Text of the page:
Members of Israel’s 19th Knesset voted overwhelmingly in favor of a bill to dissolve the parliament, officially putting an end to the current government and paving the way for new elections in March.
With 93 for and none against, Israeli lawmakers pushed through second and third readings of the bill to close the chapter on Israel’s 33rd government.
The Knesset passed a preliminary reading of the bill last Wednesday, two days after Prime Minister Benjamin Netanyahu sacked his coalition partners ministers Yair Lapid, head of Yesh Atid, and Tzipi Livni, leader of the Hatnua party, in the opening shot of the run-up to the March 17 vote.
Ahead of the vote Monday, Lapid warned Prime Minister Benjamin Netanyahu that he would not win a new term.
“His first mistake was that his call for elections does not serve the Knesset or the Israeli people, and his second mistake is that he will lose,” Lapid said from the Knesset podium.
Other politicians also took to the plenum to bid the 19th Knesset goodbye, and “good riddance,” in the words of Meretz MK Zehava Gal-on.
Meretz MK Issawi Freij vowed March 17 would see a “revolution.”
Likud MK Yariv Levin, who drafted the bill to dissolve the Knesset, said the coalition and opposition were both problematic over the term.
“This was a coalition that was very, very difficult to manage, very complicated,” he said, though he also noted that the opposition did not manage to torpedo a single bill put forward by the ruling government.
Knesset speaker Yuli Edelstein said calling new elections was unfortunate, but given current political circumstances the government had turned into a useless “empty vessel.”
The government, made up of Likud, Yisrael Beytenu, Hatnua, Yesh Atid and Jewish Home, was formed in March 2013 but eventually collapsed amid heated squabbling over legislation and swiftly denied accusations by Prime Minister Benjamin Netanyahu that ministers Lapid and Livni had tried to oust him in a “putsch.”
With political maneuvering in full swing, reports of alliances, mergers, unions and unofficial agreements between Israel’s many political parties abound.
Over the weekend, a left-center bloc aiming to overthrow Netanyahu gained traction, with Lapid and the Labor Party’s Isaac Herzog butting heads over who would lead the said bloc. Herzog asserted on Friday that he would be Israel’s next prime minister.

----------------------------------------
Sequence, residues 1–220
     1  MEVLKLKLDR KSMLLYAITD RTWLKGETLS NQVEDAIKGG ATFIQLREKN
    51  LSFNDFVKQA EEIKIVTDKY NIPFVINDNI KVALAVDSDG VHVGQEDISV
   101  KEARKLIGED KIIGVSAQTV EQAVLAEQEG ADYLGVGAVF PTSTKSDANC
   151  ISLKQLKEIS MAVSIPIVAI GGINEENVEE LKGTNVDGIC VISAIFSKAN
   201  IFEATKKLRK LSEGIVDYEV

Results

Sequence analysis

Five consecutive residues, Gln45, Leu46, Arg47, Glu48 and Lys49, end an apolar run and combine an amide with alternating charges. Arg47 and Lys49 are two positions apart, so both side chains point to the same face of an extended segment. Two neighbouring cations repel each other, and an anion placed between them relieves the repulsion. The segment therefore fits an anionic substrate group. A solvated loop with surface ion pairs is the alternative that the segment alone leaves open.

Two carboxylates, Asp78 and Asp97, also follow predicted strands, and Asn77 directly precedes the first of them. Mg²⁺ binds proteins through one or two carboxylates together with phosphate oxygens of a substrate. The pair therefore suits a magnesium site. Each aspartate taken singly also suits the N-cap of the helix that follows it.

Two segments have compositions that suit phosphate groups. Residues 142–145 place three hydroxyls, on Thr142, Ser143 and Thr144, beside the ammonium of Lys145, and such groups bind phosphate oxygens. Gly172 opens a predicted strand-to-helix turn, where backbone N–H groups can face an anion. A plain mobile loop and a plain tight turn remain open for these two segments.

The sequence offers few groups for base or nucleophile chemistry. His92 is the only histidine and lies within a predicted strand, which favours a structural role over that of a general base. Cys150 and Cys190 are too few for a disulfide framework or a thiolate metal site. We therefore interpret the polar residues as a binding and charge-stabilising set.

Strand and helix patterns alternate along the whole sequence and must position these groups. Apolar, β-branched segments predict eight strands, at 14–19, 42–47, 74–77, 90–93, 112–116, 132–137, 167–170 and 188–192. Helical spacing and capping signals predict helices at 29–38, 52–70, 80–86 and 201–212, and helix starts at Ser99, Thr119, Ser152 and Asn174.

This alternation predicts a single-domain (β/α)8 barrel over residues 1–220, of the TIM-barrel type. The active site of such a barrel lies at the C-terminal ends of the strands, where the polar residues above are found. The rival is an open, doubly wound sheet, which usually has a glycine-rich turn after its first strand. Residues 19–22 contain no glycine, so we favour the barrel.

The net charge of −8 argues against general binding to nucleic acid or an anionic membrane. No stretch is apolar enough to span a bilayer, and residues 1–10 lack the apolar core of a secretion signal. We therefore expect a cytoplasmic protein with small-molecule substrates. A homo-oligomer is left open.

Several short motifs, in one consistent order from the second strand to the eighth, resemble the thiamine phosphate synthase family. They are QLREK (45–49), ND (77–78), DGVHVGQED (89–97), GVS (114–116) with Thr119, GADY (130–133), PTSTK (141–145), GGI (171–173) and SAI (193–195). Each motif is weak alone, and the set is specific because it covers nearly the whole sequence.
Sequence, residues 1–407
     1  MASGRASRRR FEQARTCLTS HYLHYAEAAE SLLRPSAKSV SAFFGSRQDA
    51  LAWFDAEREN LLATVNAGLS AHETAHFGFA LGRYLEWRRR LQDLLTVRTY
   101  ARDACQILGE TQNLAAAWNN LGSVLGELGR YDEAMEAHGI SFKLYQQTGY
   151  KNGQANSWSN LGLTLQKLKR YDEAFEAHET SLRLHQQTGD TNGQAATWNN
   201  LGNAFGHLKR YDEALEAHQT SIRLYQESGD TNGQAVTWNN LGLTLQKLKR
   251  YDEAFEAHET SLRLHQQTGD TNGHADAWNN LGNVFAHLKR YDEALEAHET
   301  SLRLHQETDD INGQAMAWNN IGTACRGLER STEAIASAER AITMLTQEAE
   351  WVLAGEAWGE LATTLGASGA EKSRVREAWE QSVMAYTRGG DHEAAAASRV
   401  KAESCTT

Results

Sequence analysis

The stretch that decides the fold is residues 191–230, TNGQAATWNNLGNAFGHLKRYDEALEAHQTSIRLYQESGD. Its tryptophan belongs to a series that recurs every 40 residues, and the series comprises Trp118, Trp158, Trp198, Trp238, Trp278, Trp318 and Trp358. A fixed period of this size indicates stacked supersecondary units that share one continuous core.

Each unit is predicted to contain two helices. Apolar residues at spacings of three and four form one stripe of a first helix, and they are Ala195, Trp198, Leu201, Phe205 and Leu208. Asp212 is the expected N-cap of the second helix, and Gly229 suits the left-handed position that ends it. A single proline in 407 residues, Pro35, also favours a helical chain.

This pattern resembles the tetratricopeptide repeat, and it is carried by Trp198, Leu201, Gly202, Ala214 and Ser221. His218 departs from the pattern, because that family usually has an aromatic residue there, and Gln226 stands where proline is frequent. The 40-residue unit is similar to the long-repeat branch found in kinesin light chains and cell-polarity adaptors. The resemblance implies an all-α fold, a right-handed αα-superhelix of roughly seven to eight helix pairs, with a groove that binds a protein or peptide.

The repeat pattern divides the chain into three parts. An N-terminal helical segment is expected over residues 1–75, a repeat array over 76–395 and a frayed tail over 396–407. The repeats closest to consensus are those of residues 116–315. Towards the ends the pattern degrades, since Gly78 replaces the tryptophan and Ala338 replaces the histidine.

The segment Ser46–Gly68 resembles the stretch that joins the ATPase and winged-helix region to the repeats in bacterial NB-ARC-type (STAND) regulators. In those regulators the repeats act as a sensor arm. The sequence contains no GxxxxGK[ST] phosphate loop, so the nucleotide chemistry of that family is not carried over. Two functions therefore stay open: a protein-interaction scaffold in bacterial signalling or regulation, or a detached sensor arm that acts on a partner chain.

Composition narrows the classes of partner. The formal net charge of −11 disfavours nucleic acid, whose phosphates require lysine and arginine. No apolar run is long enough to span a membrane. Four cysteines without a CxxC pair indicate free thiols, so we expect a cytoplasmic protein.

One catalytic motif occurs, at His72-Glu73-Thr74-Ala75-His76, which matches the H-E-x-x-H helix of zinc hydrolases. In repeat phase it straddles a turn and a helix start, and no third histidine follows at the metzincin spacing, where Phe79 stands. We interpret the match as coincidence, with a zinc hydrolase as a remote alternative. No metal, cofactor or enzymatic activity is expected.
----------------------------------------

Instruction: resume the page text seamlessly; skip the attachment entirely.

“It’s time to put egos away, and work together as a big bloc… with a big Labor Party,” Herzog said in the Knesset Monday. He predicted that Labor would emerge on top after the March 17 elections, and “we’ll lead the country to a better future.”
Hours earlier, Lapid declared, “Yesh Atid will lead the center bloc. We will connect with other parties to replace the current leadership and continue with full force, exactly from the place where we stopped. Everything is ready. Everything is already on the table. Everything can be restarted.”
Both Lapid and Herzog were courting Livni, with reports indicating that the former justice minister was more inclined to merge with Labor.
According to a poll aired on the Knesset channel Monday, a Herzog-Livni list would receive 23 seats, compared with Likud’s 21. If the two ran separately, Hatnua would not pass the electoral threshold and Labor would only receive 17 seats, the survey found.
Lapid is said to have proposed giving Livni and her colleagues in Hatnua four spots on his party’s list. Livni and Lapid were set to meet later Monday to discuss a possible alliance between their two parties.
On Saturday, however, Livni confirmed that her party was on the brink of sealing a deal to merge with Herzog’s Labor, asserting that such an alliance would offer Israeli voters a viable alternative to Netanyahu’s Likud.
Meanwhile, Jewish Home and the Likud signed a “surplus votes” agreement — to ensure that no votes cast for the two parties would be lost when the Knesset seats are allocated after elections under Israel’s system of pure proportional representation.
A similar deal was agreed to Monday between Avigdor Liberman’s Yisrael Beytenu and former Likud MK Moshe Kahlon’s as-yet-unnamed party.